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Edie, an American Biography Study Guide & Plot Summary

Jean Stein
This Study Guide consists of approximately 35 pages of chapter summaries, quotes, character analysis, themes, and more - everything you need to sharpen your knowledge of Edie, an American Biography.
This section contains 452 words
(approx. 2 pages at 300 words per page)
Purchase our Edie, an American Biography Study Guide

Edie, an American Biography Summary & Study Guide Description

Edie, an American Biography Summary & Study Guide includes comprehensive information and analysis to help you understand the book. This study guide contains the following sections:

This detailed literature summary also contains Topics for Discussion and a Free Quiz on Edie, an American Biography by Jean Stein.

Plot Summary

"Edie: An American Biography" by Jean Stein is a non-fiction account of the life of Edie Sedgwick, an actress, model and socialite who came into prominence in the 1960s. Edie was one of the most popular women in the world for a time, although her psychological problems and drug addictions made her "reign" turbulent and short.

Many people associate Edie Sedgwick with The Factory, Andy Warhol's trendy art studio in Manhattan. Edie was a fixture at The Factory for less than two years, although her presence and status as one of Warhol's superstars is legendary. Edie Sedgwick grew up on a ranch near Santa Barbara, California and was the seventh of eight children born to Alice de Forest and Francis Sedgwick. The Sedgwick family was affluent and recognized as a force in art and politics. Many believe that Edie's privileged childhood allowed the heiress and socialite an excessive amount of freedom, which may have caused her downfall.

The Sedgwicks were well educated and artistic people. Francis Sedgwick was obsessed with conformity and success, a trait that caused a great deal of grief for several of his children. Although the Sedgwicks were known as charismatic, fun loving and intelligent people, it was also well known that many of the family members suffered from emotional and psychological problems.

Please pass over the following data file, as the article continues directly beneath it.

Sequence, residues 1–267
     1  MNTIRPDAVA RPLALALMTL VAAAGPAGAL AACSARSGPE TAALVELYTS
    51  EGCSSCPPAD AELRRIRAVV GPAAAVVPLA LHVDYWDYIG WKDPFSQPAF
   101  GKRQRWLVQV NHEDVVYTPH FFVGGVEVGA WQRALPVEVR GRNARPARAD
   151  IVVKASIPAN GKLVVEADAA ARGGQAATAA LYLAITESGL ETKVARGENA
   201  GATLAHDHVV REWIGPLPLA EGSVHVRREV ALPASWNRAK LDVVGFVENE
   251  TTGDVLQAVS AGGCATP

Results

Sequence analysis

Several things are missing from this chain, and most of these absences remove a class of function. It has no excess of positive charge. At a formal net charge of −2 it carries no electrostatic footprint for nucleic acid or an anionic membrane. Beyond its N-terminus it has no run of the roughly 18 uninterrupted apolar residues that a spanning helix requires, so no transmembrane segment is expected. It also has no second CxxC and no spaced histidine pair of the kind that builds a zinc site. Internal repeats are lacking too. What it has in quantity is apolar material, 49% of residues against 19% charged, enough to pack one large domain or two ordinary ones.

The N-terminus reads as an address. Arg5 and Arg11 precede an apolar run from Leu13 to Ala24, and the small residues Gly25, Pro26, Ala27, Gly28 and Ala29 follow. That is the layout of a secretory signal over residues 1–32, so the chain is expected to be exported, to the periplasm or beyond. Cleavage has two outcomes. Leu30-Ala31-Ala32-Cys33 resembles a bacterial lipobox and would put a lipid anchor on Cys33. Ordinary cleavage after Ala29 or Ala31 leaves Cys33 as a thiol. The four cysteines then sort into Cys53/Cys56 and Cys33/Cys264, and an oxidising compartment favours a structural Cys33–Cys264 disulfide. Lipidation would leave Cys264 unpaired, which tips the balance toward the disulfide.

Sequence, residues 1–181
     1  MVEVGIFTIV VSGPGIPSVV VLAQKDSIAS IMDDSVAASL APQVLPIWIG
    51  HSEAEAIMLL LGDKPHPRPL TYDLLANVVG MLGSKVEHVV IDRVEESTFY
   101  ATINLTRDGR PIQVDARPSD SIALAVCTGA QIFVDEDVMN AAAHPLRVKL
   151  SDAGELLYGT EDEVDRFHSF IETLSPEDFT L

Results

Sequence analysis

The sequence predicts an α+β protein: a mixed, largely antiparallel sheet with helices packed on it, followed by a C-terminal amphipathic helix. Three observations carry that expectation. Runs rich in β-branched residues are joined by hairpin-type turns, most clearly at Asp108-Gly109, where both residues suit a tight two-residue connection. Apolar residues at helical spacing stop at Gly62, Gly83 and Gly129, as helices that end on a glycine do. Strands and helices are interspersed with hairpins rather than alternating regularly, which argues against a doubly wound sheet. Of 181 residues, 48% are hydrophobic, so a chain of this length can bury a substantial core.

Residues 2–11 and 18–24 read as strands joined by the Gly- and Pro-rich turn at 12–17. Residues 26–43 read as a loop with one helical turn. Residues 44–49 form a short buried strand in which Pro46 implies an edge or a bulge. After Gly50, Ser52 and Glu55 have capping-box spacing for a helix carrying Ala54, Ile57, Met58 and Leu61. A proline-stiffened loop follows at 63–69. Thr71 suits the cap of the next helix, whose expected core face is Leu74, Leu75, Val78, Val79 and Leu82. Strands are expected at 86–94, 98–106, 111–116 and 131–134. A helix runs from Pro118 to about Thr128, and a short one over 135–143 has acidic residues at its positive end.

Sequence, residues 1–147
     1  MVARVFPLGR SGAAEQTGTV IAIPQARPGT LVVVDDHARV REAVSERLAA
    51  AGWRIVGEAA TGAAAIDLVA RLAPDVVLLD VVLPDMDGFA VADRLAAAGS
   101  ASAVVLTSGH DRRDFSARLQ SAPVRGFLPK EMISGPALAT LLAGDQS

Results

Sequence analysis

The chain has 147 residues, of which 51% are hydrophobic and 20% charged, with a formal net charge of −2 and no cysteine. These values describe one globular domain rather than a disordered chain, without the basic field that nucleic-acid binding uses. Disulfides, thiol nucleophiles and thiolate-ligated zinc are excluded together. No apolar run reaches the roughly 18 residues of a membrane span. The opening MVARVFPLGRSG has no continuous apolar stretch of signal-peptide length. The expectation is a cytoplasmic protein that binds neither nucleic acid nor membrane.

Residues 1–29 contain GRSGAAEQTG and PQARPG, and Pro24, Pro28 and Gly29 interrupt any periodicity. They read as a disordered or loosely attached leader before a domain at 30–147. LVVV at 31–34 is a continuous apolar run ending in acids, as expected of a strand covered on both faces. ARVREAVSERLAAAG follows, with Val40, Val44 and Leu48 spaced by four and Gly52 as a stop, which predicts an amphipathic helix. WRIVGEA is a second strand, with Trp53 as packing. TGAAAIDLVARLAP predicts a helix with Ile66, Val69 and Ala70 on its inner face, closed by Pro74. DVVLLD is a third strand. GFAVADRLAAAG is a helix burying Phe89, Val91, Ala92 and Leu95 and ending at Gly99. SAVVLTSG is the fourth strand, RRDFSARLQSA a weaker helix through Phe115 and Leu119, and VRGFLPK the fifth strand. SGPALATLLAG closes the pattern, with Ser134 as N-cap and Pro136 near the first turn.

The book starts off with a rather detailed history of the Sedgwick and Minturn families. The illustrious history of the families, particularly the Sedgwicks, is a vital piece to the puzzle when one considers how Edie was raised, and the stress on her and the other Sedgwick children in regards to status, money, politics, and education. There may be slightly more than what is necessary about the family history, especially when it comes to those who are not featured in the book. The book is designed to appear as though many of the interviewed subjects are sitting in a room conversing about the Sedgwicks and Edie's rise and fall. The editing is clever and confusion minimal. The people who agreed to be interviewed by Stein are those who were intimately involved in some aspect of the lives of the Sedgwick family or had personal knowledge of Edie and her various activities.

While the format of the book is clear, there are several conflicting stories, ones in which an accurate time frame are important. The best example of this is the story of Edie's abortion. Although the facts surrounding the abortion were never proved nor disproved, the timing makes a difference regarding Edie's claim that the baby she was carrying belonged to Bob Dylan. Overall, "Edie" is an insightful look into the life of a famous young woman who ended her life all too soon through drug addiction and excess.

Read more from the Study Guide

This section contains 452 words
(approx. 2 pages at 300 words per page)
Purchase our Edie, an American Biography Study Guide
Copyrights
Edie, an American Biography from BookRags and Gale's For Students Series. ©2005-2006 Thomson Gale, a part of the Thomson Corporation. All rights reserved.
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